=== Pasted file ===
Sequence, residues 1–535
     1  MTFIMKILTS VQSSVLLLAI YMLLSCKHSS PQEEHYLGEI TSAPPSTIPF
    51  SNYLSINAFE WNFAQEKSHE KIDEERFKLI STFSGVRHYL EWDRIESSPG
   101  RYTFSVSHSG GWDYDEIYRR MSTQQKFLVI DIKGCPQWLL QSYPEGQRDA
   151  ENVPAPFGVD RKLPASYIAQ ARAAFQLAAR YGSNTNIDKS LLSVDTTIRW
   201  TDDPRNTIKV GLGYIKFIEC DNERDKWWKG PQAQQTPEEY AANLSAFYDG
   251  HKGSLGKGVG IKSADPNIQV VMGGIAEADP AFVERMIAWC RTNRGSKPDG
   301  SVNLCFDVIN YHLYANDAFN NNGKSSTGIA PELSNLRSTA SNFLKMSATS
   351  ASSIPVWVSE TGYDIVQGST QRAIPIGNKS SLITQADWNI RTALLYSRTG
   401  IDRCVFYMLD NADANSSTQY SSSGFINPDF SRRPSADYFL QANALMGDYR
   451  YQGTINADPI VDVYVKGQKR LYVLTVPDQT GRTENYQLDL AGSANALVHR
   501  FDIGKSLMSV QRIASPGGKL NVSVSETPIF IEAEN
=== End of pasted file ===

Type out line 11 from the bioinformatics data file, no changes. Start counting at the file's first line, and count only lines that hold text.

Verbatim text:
   451  YQGTINADPI VDVYVKGQKR LYVLTVPDQT GRTENYQLDL AGSANALVHR